Sony has been more forthcoming on the security breaches given that bulk of attacks on corporate and governmental computer networks go unreported because victims want to avoid the embarrassment and public scrutiny that come with acknowledging that their systems have been hacked. In many cases companies seek to keep the matter quiet by telling individual customers of the problem without issuing a public statement like the one from Sony this week. For example, 85 percent of some 200 companies in electricity-producing industries said that their networks had been hacked, according to a survey released this month by security software maker McAfee Inc and the non-profit Center for Strategic and International Studies. Yet utilities rarely disclose such attacks. In many cases, intrusions go undetected by the victim company, leaving the firm and its customers completely unaware that criminals have access to their sensitive data.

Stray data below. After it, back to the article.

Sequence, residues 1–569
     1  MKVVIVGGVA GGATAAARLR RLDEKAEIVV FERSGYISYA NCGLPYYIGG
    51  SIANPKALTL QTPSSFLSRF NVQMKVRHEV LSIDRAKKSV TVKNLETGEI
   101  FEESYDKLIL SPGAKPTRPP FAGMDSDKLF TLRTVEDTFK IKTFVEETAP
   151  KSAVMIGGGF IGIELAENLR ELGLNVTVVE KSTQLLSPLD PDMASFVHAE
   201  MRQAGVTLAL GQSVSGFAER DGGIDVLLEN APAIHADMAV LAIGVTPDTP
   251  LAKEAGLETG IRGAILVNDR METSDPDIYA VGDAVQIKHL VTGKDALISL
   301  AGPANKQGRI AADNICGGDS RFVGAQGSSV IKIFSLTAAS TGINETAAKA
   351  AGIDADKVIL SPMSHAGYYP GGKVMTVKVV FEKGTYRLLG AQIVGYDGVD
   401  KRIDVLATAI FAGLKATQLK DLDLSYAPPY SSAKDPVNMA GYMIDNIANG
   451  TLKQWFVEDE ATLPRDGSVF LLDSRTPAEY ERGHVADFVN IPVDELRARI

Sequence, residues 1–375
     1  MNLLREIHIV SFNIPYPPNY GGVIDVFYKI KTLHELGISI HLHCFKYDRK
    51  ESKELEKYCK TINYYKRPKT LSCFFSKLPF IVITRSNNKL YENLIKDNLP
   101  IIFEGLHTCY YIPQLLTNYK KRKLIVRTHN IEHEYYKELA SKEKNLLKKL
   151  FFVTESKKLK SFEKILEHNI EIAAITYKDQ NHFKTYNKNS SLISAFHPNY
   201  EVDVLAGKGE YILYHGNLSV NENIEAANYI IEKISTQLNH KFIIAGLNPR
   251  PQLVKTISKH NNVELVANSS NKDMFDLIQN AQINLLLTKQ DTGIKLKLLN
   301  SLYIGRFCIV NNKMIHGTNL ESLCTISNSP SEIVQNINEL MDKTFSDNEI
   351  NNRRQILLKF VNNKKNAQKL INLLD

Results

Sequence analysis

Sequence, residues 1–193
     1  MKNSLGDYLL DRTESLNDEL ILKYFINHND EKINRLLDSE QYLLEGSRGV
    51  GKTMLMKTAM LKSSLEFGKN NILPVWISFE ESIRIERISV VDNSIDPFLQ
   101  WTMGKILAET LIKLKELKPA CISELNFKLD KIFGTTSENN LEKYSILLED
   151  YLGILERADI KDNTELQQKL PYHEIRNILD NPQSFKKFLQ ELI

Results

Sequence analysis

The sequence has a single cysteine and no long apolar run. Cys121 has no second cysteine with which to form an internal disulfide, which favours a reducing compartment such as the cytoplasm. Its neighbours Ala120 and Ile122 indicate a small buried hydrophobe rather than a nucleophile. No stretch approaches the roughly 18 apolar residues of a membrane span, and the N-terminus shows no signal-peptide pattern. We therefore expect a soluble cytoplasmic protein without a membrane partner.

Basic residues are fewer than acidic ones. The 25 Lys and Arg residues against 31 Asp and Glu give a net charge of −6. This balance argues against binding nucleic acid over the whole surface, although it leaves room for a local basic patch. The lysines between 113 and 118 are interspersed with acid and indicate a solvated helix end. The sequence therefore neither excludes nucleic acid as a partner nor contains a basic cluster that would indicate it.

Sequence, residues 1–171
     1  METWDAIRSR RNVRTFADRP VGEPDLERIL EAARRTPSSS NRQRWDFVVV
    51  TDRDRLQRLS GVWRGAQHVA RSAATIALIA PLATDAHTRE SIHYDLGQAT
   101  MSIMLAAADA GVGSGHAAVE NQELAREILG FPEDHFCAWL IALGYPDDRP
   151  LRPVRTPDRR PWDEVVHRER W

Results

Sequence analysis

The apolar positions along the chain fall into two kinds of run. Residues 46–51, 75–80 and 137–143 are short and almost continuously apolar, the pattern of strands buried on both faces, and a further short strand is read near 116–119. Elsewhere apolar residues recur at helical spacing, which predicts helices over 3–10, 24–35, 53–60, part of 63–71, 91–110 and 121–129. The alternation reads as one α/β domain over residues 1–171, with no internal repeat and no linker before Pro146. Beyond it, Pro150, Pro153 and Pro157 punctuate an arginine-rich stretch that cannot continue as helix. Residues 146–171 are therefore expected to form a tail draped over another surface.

The hacking of Sony Corp’s PlayStation Network,Sony Online entertainment, Qriosity and has earned a place in the annals of Internet crime. It is one of the biggest online data infiltrations ever and is a sign that the industry may face new threats. It also serves a reminder that as we move into the digital world, we put more and more of our digital identity into the cloud, or digital devices … Security is going to be a tremendously important part of what we do. Payments security is evolving along with intelligent devices, like smartphones and contactless cards, and technologies such as NFC. Security standards and their up gradation is a key component to maintaining data privacy and data integrity.